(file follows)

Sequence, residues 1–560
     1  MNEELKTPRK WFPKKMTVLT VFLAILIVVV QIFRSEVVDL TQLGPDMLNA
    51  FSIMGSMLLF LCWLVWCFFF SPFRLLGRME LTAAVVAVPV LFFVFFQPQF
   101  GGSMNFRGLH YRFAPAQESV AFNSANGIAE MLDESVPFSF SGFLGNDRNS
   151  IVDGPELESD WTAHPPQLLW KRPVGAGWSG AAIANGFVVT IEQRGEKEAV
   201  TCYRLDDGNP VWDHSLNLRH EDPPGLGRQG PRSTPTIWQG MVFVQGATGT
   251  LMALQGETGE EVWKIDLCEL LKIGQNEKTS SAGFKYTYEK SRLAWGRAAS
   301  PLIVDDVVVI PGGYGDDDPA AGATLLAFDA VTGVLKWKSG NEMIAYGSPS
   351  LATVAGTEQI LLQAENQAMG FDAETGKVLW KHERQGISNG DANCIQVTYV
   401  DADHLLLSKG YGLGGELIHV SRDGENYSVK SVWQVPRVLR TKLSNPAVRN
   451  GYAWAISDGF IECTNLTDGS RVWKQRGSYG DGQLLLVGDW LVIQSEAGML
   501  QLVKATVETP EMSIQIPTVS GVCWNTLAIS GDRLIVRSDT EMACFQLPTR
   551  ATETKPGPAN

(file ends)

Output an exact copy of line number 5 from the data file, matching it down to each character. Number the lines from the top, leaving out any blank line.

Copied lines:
   151  IVDGPELESD WTAHPPQLLW KRPVGAGWSG AAIANGFVVT IEQRGEKEAV